Radical Cure Article

Overview of Traditional Chinese Medicine

Traditional Chinese medicine (TCM, sometimes "Classical Chinese Medicine"), is a label that covers a broad range of traditional medicine practices spread throughout Asia, including various forms of herbal medicine, acupuncture, massage therapy, and dietary therapy.

The common thread among these diverse practices is a system for balancing the various functions of the body, based in Daoist principles of Yin-yang and other metaphysical belief systems, that originated during the Warring States Period in regions that are now part of China. These practices are a common part of medical care throughout East Asia, accounting for roughly 75% of worldwide use, but are considered alternative medicine in the western world.

Traditional medicine plays a role in Chinese lifestyle that is substantially different than the role of medicines in the west, in that it is integrated into basic conceptions of health and wellness and overlaps with folk remedies. It is estimated that 40% of healthcare in China (75% of worldwide practice) is based in such practices.

Traditional medical practices have ancient roots: Stone needles ostensibly used for acupuncture have been dated back to the stone age, and hieroglyphs and pictographs documenting acupuncture and moxibustion have been found dating back to the Shang Dynasty (1600-1100 BC).Scholars have not determined when primitive practices became integrated into a complete theoretical system.

However, TCM is intertwined with the principles of Yinyangism (i.e., the combination of Wǔ Xíng theory with Yin-yang theory) formulated by Zōu Yǎn (340 - 260 BC), suggesting TCM itself was formalized sometime after that. Clearly defined medical texts were being written as early as the 2nd century BC, though these texts were often attributed to mythological figures from more than two millennia earlier.

TCM practices use a different physiological model than modern western medicine, and make a number of assumptions that are inconsistent with or untestable under the principles of scientific medicine.

In general, TCM practices take a holistic approach, viewing the body in terms of organ system based loosely around particular body functions (such as digestion or excretion) rather than in terms of isolated organs. These organ systems are conceived to be interrelated in various systematic ways, and various techniques are used to stimulate or support weakened systems or to soothe or dampen over-excited systems. Chinese medicine in practice, thus, involves an often subjective diagnosis of the general state of various organ systems followed by ongoing efforts to reestablish a healthy balance between the systems.

Traditional Chinese medicine covers a number of different kinds of practices, most of which focus on balancing the distribution or movement of the body's Qi - a putative energy that has no direct correlate in western medicine - according to Daoist philosophical and religious conceptions of Yin-yang. In general, traditional Chinese medical theory holds that there is a finite amount of Qi available in the body, sometimes distinguishing between natal (inborn) Qi and developed (gained) Qi, which must be allocated so the body can perform its various prosaic functions: digestion, temperature regulation, maintenance of bodily fluids, etc.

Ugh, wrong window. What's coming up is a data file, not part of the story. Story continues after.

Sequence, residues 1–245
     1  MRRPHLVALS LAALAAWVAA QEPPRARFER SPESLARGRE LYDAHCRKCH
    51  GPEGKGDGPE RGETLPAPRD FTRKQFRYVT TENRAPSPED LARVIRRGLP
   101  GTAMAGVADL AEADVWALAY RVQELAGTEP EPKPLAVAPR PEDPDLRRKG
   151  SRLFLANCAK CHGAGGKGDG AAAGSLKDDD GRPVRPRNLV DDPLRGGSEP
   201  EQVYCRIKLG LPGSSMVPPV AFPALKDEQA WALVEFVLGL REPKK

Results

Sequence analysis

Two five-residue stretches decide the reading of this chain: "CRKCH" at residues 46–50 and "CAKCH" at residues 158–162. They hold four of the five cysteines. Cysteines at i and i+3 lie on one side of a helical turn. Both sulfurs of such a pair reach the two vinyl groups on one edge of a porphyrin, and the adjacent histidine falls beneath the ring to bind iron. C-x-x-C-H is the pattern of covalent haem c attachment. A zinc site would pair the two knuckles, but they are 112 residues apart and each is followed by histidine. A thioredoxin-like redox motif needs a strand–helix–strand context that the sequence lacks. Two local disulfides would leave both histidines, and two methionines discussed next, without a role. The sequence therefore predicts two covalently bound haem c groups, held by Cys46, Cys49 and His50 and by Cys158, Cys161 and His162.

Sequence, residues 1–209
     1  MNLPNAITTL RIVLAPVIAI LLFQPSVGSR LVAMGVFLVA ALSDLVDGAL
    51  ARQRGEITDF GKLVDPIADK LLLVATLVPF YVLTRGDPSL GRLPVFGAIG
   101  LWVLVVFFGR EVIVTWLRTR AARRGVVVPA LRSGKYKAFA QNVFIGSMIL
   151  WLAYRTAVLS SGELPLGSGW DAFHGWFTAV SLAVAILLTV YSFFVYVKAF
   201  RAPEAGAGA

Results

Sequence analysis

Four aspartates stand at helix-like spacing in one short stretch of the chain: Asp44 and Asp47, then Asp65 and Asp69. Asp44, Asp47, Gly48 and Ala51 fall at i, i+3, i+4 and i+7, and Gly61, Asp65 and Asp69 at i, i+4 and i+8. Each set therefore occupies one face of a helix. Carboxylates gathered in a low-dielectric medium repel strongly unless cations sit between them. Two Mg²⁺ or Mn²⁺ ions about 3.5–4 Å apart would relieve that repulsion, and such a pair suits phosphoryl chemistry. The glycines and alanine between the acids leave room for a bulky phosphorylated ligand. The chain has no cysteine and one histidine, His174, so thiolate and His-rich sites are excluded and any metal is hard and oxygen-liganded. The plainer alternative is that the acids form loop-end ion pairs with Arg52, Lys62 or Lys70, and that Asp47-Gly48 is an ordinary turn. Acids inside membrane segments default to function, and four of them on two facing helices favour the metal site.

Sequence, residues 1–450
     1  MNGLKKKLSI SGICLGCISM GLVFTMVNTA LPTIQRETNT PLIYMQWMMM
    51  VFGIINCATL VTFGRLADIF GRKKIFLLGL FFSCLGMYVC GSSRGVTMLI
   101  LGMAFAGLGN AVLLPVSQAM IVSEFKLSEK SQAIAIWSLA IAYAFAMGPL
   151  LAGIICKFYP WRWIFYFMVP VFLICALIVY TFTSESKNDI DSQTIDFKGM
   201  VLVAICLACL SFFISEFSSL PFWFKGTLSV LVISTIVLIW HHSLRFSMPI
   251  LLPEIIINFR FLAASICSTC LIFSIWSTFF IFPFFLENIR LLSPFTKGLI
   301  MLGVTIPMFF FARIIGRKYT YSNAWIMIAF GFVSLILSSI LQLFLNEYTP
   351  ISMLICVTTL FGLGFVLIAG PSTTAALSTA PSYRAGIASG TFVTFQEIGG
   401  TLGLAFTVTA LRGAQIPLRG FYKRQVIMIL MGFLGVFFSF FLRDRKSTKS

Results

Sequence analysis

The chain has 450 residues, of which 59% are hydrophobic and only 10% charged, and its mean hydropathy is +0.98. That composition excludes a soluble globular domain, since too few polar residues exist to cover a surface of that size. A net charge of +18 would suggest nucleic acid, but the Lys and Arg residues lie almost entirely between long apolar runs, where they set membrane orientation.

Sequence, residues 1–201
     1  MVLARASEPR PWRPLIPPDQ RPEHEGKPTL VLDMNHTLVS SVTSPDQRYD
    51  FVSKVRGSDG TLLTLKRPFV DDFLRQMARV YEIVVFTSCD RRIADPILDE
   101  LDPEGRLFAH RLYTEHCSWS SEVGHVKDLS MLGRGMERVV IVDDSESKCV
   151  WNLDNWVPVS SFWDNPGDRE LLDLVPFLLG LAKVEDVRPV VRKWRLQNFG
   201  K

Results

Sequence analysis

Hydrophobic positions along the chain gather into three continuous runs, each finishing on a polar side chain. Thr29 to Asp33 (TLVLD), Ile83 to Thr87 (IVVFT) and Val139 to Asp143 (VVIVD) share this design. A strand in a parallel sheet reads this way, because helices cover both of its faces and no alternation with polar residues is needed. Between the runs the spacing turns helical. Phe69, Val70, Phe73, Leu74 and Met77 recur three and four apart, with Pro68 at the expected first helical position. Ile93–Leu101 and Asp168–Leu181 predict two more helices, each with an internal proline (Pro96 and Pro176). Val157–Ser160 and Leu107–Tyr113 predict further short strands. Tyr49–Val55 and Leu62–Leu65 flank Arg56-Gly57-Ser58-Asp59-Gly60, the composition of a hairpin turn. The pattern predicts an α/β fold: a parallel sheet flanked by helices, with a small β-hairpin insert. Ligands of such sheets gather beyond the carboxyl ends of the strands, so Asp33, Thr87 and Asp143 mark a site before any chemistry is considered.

These various functions are conceived in terms of organ systems, which are abstract structures based around the major organs of the body, and which have complex interactions for sharing and exchanging Qi. Illness is generally believed to be rooted in an imbalance between organ systems, where an excess or deficit of Qi in a given system can throw bodily functions out of balance and allow the introduction of disease.

These imbalances are addressed in a number of different ways, according to different practices: the use of herb complexes or dietary changes intended to stimulate or calm particular organ systems, the stimulation of these systems directly by using needles or pressure points, massage systems designed to stimulate and balance the body as a whole, even meditative practices that uses the focusing of breath or movement to move Qi through the body.

Because of the differences in body model between traditional Chinese medicine and western scientific medicine, tests of efficacy are difficult to construct. Pharmacological tests on traditional herbs have sometimes revealed effective compounds, though these were not necessarily effective in the way suggested by TCM, and sometimes found that medicinals contain toxins, or have no determinable effect.

Acupuncture has been found to have limited clinical applications; the putative health benefits of massage, meditation, or exercise programs like Qi Gong are largely untested. The overlap between traditional Chinese medicine proper, folk remedies (such as shark fin soup), metaphysical belief systems (such as Chinese astrology), and exploitive products (usually sexual potency preparations, containing things like horny goat weed or rhinoceros horn) makes determining the efficacy of TCM as a theoretical construct problematic. Further, the introduction of traditional practices into the western world has blended TCM in some cases with New Age ideation that has further obscured the traditional practice.


    Next:What is Qi ?

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